Names have been changed.
My mother is a devout Muslim from Ethiopia, and when I was 5, she briefly sent my older brother and me to after school Quran classes. I remember feeling that I did not belong, and learning about Quran history and writing in Arabic did not interest me.
After we quit Quran school, my mother taught my brother and me the fundamental belief of Islam, that Allah loves everyone. We prayed five times a day and before we ate. Before praying, we washed our hands and feet. We wore clothing that wouldn’t be haram—which my mother said is anything deemed a violation of Islamic law—like turtlenecks and baggy pants, so we could maintain modesty.
My mother made strict rules regarding my personal life, like no dating until you are 30, no male friends, and no hanging outside with friends. So I spent my days in my room studying or on my phone. Although I wanted to disobey sometimes, I never found the courage because I knew she would take away my phone, which was my only source of entertainment.
When middle school started, I stopped praying as much because I spent so much time at school. I had also discovered my love of dance and that class kept me after school a lot with rehearsals. But I also prayed less because I didn’t feel a connection to Allah.
Haters Call Me ISIS’s Daughter
When I was 11, my mother and I traveled to Addis Ababa, the capital of Ethiopia, to visit our family.
When we all sat down together and communicated in Amharic, I felt like the odd one out.
I hadn’t realized how separated I felt from my background until this trip. And so with Ramadan approaching, my goal was to fast and wear a hijab when I got back to New York.
Ramadan came in June of 8th grade. I left the house without eating and for the first time, I was wearing a hijab outside. Smiling, my mother said, “Look at you! You’re making it up to Allah.” I finally felt like I was doing something right as a Muslim.
When I was waiting for the bus after school, a few kids came up to me. “I didn’t know you were Muslim,” one of them said. “So what’s it like being ISIS’s daughter? Are you a part of their terrorist organization?” The other kids laughed as I stood there appalled with my jaw dropped. Fortunately, my bus came. I cried my way home.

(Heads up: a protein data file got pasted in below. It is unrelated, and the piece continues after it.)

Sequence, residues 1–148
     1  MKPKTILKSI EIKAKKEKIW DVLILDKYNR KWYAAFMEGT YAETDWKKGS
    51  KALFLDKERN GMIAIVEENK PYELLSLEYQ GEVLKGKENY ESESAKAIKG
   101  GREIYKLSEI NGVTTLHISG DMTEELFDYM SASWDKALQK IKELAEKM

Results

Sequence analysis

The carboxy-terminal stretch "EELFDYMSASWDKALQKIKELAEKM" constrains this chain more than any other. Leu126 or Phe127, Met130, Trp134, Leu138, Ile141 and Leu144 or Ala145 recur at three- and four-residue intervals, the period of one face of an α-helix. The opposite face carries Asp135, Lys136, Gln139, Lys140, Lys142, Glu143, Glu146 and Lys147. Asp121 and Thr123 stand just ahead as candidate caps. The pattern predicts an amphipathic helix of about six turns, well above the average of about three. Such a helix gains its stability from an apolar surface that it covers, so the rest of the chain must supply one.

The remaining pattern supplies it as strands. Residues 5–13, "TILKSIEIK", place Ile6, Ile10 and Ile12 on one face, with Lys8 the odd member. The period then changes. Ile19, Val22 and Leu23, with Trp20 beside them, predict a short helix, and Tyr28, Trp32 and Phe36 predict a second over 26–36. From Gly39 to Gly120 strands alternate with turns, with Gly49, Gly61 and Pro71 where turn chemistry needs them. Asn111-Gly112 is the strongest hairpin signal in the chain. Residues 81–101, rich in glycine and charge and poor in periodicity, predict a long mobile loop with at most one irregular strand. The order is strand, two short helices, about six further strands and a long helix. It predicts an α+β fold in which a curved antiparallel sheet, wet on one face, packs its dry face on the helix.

I thought: Is this really how the outside world views people like me?
That experience took away my motivation to be a more observant Muslim. I didn’t want people to even know I was Muslim. I just wanted to be seen as a human being.
It’s Haram to Be Gay?
One night a few months later, my mother and I were watching a TV show where two men kissed.
My mother was disgusted and quickly changed the channel.
“They are gonna go to hell. You can’t date the same sex! It’s haram!” my mother said.
“But didn’t you tell me that Allah loves everyone for who they are?” I asked.
“If you do something haram, it increases your chances of going to hell.”
I never thought about how my actions could affect my placement in heaven or hell when I die.
I pondered her words for the rest of the night. I was close friends with a girl named Aria who I felt attracted to. We bonded over Billie Eilish songs, having curly hair, and gossip. Every day, we traded jackets in the morning and returned them to each other on our bus ride home.
My mother encouraged me to have female friends, but this was different. I felt butterflies in my stomach every time I saw her.
I had no idea if Aria felt the same way about me. Still, I felt protected and safe when I was with her. One bus ride home, she looked out the window and said, “You know, you are like a sister to me.” I thought I was friendzoned, so I just nodded my head.
While it was reassuring to know that she felt close to me like a sister, I wondered if she’d be weirded out if she found out I was romantically attracted to her. I decided to tell her how I felt by the end of the school year.
A Cupcake and a Confession
June quickly approached and all my classes were dedicated to Regents prep. In my living environment class, we were reviewing protein synthesis. I was trying hard to stay awake when I saw Aria peeking through the door window. My teacher opened the door. “Aria! So nice to see you. What do you need?”